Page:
In 2017, a report from research and consulting institute Altarum estimated that the economic burden of opioid addiction in the US had reached $1 trillion since 2001. The opioid epidemic is now one of the biggest public health crises plaguing the Western world, stemming from the late 1990s, when slow-release opioid drugs were prescribed for pain treatment with assurances that they wouldn’t be addictive.

Overprescription and misuse quickly followed, and the numbers of addicts began to climb. While some of them are able to live with their condition, others move on from prescription medications to heroin or tragically die from an overdose. Patients who truly need opioid painkillers now find themselves having to convince doctors that they aren’t addicts before they can access pain relief.

As a treatment for chronic pain, opioids aren’t ideal for several reasons: the dosage often needs to be steadily increased as the patient develops higher tolerance or opioid-induced hyperalgesia, in which the patient becomes more sensitive to pain with prolonged use of painkillers; they also induce a foggy mental state, leaving the patient less able to function, even though their pain is dulled; and long-term use can result in hormonal changes and physiological or psychological dependence, as well as full-blown addiction.

For almost two decades, the race has been on to find a way around the use of opioids for long-term pain treatment.

Moving away from opioids

One recent development foregoes drugs entirely and directly targets the nervous system. Neuromodulation delivers electrical impulses to the spinal column, nerves or straight into the brain. It’s been used for tinnitus, movement disorders like Parkinson’s disease, hearing and vision problems, arthritis, Alzheimer’s, and sleep disorders, but chronic pain, including complex regional pain syndrome, is one of its biggest targets. The treatment interrupts the pain signal or convinces the brain to stop sending it temporarily, since chronic pain is often a nerve condition rather than a response to true physical trauma.

The pain score is not adequate: we do have to use it, but should also be looking at physical activity levels, pain medication tracking and emotional functionality.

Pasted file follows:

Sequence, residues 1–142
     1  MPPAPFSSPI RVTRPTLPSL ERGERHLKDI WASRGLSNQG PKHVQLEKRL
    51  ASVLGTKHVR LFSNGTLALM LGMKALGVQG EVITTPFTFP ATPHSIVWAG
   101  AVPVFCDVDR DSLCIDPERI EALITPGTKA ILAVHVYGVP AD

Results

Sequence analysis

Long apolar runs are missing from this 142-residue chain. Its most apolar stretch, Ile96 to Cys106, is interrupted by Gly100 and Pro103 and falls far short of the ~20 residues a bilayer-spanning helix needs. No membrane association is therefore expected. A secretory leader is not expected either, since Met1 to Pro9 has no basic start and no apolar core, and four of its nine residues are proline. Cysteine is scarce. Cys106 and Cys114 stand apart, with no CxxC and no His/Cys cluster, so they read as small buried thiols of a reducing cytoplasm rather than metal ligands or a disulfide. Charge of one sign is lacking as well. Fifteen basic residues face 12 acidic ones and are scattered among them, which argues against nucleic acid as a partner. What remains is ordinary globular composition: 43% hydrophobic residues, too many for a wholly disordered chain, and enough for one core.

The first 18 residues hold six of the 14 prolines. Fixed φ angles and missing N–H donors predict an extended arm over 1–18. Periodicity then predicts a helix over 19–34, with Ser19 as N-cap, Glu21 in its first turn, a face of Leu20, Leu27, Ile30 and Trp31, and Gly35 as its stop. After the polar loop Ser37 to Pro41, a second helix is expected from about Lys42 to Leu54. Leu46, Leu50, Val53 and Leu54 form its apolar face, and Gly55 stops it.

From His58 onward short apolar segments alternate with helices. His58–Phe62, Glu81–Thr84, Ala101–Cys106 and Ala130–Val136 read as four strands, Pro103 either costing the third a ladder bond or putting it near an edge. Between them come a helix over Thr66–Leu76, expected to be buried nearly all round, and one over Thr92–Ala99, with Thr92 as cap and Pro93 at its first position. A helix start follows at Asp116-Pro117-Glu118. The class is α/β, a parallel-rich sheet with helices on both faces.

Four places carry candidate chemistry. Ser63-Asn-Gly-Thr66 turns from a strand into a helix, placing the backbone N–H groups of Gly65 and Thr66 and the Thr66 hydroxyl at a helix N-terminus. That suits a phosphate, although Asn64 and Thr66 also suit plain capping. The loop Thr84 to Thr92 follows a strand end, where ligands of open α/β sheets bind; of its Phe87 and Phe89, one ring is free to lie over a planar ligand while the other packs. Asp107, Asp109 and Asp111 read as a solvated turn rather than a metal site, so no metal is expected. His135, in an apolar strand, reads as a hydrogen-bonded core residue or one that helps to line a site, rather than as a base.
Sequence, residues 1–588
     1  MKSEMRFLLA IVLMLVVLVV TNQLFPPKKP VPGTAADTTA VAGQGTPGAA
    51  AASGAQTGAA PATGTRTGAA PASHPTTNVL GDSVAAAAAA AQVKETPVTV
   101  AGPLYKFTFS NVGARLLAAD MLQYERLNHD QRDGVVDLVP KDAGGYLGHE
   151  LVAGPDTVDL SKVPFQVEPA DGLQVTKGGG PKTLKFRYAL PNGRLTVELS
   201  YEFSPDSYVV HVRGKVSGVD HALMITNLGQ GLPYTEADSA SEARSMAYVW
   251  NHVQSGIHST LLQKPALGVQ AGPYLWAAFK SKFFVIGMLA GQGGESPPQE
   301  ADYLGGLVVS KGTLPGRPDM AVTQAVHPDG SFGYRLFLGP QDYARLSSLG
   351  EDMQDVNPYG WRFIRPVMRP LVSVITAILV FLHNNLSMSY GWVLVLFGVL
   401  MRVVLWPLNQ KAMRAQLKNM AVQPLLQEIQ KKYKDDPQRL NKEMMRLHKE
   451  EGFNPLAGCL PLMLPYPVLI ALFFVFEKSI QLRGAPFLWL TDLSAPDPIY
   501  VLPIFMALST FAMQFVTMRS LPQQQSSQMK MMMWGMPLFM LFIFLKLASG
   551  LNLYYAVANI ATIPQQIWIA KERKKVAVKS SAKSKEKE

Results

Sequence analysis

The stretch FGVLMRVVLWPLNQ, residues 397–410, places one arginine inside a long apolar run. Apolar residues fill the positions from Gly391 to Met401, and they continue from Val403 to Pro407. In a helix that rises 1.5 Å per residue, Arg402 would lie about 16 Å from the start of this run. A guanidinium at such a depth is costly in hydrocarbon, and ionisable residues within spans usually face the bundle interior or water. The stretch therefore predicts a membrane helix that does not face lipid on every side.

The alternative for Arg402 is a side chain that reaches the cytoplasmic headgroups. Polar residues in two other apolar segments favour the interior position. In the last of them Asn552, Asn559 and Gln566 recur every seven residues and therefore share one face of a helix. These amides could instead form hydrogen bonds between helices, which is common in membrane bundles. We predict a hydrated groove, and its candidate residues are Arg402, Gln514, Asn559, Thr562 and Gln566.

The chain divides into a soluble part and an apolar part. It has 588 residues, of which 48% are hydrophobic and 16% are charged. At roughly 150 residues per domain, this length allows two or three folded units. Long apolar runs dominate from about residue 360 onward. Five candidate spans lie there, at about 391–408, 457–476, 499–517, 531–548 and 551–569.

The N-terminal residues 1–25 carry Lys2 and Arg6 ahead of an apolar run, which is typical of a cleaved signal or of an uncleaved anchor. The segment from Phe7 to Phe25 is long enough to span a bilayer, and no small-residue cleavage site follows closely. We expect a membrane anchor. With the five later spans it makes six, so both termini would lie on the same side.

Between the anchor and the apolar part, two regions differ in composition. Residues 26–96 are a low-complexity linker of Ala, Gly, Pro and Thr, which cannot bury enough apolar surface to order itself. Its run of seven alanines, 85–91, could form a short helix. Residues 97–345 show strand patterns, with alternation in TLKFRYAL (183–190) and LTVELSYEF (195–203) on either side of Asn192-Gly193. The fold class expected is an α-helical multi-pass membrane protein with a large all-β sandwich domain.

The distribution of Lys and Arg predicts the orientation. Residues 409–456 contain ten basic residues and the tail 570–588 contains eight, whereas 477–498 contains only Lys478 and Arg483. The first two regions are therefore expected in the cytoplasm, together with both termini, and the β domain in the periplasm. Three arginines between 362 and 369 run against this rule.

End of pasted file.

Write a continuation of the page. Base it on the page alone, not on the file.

Neuromodulation isn’t addictive and many devices are intended as permanent implants. Unfortunately, however, it doesn’t work for certain types of pain, like fibromyalgia, which is spread throughout the body rather than localised.

The three biggest manufacturers in the field currently are Boston Scientific, Medtronic and Abbott, which distributes a neuromodulation line-up manufactured by St Jude Medical called BurstDR. While the first FDA approval for a spinal cord stimulator was in 1989, it’s only recently that neuromodulation has moved towards being a serious player in chronic pain treatment.

“We’ve seen explosive research in neuroscience and have learned more in the past five to ten years than in recorded history. We’re starting to understand neurocircuitry better: the way we think, form memories, move, dream and how the nervous system is affected by chronic pain,” says Dr Allen Burton, Abbott’s medical director of neuromodulation.

Abbott has pioneered a new type of device that uses ‘burst’ waveform signals developed by Belgian neuroscientist Dr Dirk DeRidder, who is currently the inaugural professor of neurosurgery at the University of Otago’s Dunedin School of Medicine in New Zealand.

Until recently, most neuromodulation or spinal cord stimulation (SCS) was achieved with tonic waveforms (regular pulses keeping to the same amplitude, frequency and pulse width). Burst signals are more powerful and come in groups of high-frequency pulses at lower amplitude, with a break between bursts in order to imitate the way electrical impulses fire naturally in the brain and nervous system.

In clinical trials run by St Jude Medical and published in January last year, patients reportedly had pain levels 5.2% lower when using burst stimulation compared with tonic signals. “BurstDR has been shown to provide less pain, suffering and therapy maintenance. It allows patients to reduce paraesthesia and feel only the absence of pain, with an increased sense of psychological well-being,” explains Burton.

Before burst stimulation was developed, neuromodulation worked by replacing pain with paraesthesia, a tingling, burning or numb feeling akin to a limb that has fallen ‘asleep’. The newer devices ‘talk’ to the brain, sending the message that the body is no longer in pain, so there’s no need to distract the nervous system with a different sensation.

Patients can try out the Abbott devices for a week or two using a temporary implant with an external battery and a remote control. Even if they opt for the permanent implant, the surgery is still reversible. However, any kind of implantation is invasive and stressful for the patient, who could experience the associated risks of complication and infection; they might also, understandably, be unenthusiastic about the idea of electrical leads running up their spinal cords.